Set in the palatial interiors and grounds of La Maison Carré near Paris, Elina Brotherus revisits her 2015 Les Femmes de la Maison Carré, supplementing the eponymous series with a further seven new images. Composed but mysterious, Brotherus readily embodies different incarnations with each room she enters in a continued exploration of the self and the photographic image.
Brotherus’ project began in 2015 at the invitation to exhibit in the museum Le Maison Carré, a building designed in the late 1950s by fellow Finn and eminent architect Alvar Aalto. Seduced by Aalto’s masterful use of light and fastidious detailing, from furnishing to architectural finishes, Brotherus evolved the project from a single photograph – as she had first intended – into an extensive, ever-growing body of work. Familiarising herself with the building, Brotherus sought to understand how Aalto harnessed natural light and its movement through the space, which in turn informed the composition of her own images. A bedroom, a dining room, an illuminated hallway – the images give merit to the gentle swathes of light and shadow that are cast upon the surfaces.
As in much of her work, the placement of Brotherus’ own body within the image imposes a tender balance between herself and the space around her. Prop in hand, seated or standing, Brotherus looks onward in an expression of benign indifference, treating her body as a compositional element upon which viewers can ascribe their own narrative. As if to spur us on, Brotherus can be found draped in costume from a bygone era – here in 1960s and 70s clothing – leaving the viewer to wonder, who exactly are these women? What is their relation to the building?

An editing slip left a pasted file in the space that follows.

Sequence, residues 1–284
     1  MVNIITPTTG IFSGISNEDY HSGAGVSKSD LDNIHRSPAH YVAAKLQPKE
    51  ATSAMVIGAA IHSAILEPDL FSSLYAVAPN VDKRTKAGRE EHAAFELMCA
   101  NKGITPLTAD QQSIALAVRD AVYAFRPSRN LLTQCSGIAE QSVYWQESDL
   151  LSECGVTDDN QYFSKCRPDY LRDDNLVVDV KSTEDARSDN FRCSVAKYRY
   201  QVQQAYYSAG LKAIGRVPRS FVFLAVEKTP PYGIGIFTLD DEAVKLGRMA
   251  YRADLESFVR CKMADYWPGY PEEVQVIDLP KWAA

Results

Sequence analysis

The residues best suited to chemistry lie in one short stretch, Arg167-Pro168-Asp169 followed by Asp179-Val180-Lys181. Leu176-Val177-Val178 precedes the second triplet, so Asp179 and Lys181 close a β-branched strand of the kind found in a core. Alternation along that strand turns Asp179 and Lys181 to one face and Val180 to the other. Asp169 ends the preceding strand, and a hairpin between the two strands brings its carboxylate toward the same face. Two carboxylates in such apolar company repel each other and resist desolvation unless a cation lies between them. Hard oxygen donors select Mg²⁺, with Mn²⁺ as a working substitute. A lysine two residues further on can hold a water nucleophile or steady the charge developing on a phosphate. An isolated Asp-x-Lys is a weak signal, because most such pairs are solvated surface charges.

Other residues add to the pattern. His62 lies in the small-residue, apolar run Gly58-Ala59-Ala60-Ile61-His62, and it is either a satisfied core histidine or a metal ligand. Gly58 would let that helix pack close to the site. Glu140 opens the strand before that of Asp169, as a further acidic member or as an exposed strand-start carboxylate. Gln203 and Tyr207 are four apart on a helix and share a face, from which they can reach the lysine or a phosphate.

Compositionally, Brotherus’ images come together as if sketched out by the steady hand of a painter. But in truth, she acts spontaneously. ‘I have no preconceived image in mind. When I enter the room, I never know what I will be doing [...] It’s like walking around a flea market: you don’t know what you are looking for, but you recognise it when you see it.’ To give an illusion of a premeditated body of work is a tribute to her mastery. This can be partially attributed to Brotherus’ art school education, which has afforded her a generous supply of art historical references and themes from which she routinely draws. But educated or otherwise, Brotherus considers it effectually impossible to produce art without touching on a pre-existing ideology. ‘Art doesn’t come out of a void. It’s a network of cross-references whether we do it consciously or not.’